Brock About Town: Fight, fight, fight for Iowa? No thanks, I’m good.

Illustration by Lev Cantoral

Summer is drawing to its close. The students have returned, shattering the temporary illusion of peace and quiet, and the very first signs of fall have appeared in the form of days with a humidity index below 80 percent. That can mean only one thing — football season is upon us once more.

For many University of Iowa alumni, the kind who can be said to possess “school spirit,” football season is a time of excitement and nostalgia for their glory days, which they spent majoring in accounting and accumulating liver damage. For the rest of us, it’s akin to a very boring zombie apocalypse, in that the highway is at a complete standstill and you’re suddenly surrounded by shells of human beings that make unintelligible noises in unison. I’ve survived nine football seasons in this town, and I’ve been to exactly one football game. Below are my tips for the football averse:

Get out of town. Seriously, this is the best way to handle this. I’m spending the Iowa-Iowa State game at a cabin in Clear Lake. I realize you can’t do that every weekend, but a college football game is like your friends’ breakup; it’s better to just not be around for it than to get sucked into it. If you leave on Saturday morning, the road out of town should be clear for miles.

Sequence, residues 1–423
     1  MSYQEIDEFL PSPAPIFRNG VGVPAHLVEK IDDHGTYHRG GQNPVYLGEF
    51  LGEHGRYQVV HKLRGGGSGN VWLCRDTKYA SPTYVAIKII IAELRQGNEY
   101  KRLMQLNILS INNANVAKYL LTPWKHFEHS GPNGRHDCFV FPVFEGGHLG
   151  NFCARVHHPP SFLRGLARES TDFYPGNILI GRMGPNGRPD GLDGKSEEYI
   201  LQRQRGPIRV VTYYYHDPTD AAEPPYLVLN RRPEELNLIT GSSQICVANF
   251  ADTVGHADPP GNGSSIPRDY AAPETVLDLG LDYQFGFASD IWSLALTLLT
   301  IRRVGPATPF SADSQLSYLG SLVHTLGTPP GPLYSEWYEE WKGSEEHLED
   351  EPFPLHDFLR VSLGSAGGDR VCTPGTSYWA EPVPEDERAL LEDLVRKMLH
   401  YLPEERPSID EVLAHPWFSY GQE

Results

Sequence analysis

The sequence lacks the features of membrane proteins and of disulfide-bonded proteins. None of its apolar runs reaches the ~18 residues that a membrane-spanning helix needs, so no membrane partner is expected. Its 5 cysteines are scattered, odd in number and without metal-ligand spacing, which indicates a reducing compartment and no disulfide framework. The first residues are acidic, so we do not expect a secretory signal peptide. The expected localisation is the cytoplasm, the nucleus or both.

Stock up on the essentials beforehand. And by essentials, I mean alcohol. Trust me when I tell you, you’re not going to want to be in any bar with a TV, which is all of them. (The Foxhead usually uses theirs to blast TCM, so they might be a safer bet, but I digress.) Should you, against your training and better judgment, choose to go out, you will be fighting for barstools with girls in black-and-gold-striped overalls and their dads, who, despite being in late middle age, have still not figured out how to have fun without getting three sheets to the wind and trying to beat up the bartender for not calling them “sir.” It’s not worth it.

Don’t be a crank. Yes, football as a sport is plagued by ethical issues, and yes, in the Midwest, it has become emblematic of a certain type of masculinity that not many men can or even want to live up to, and yes, to many of us, it just sort of looks like a bunch of dudes in tights rolling around together on a lawn. However, when you loudly complain about those things in order to redirect the conversation towards a topic that you know a lot about, you are, in fact, the one who looks like a brain-damaged Neanderthal.

If you see the Beer Band, turn in the opposite direction and run for your life.

This article was originally published in Little Village issue 310.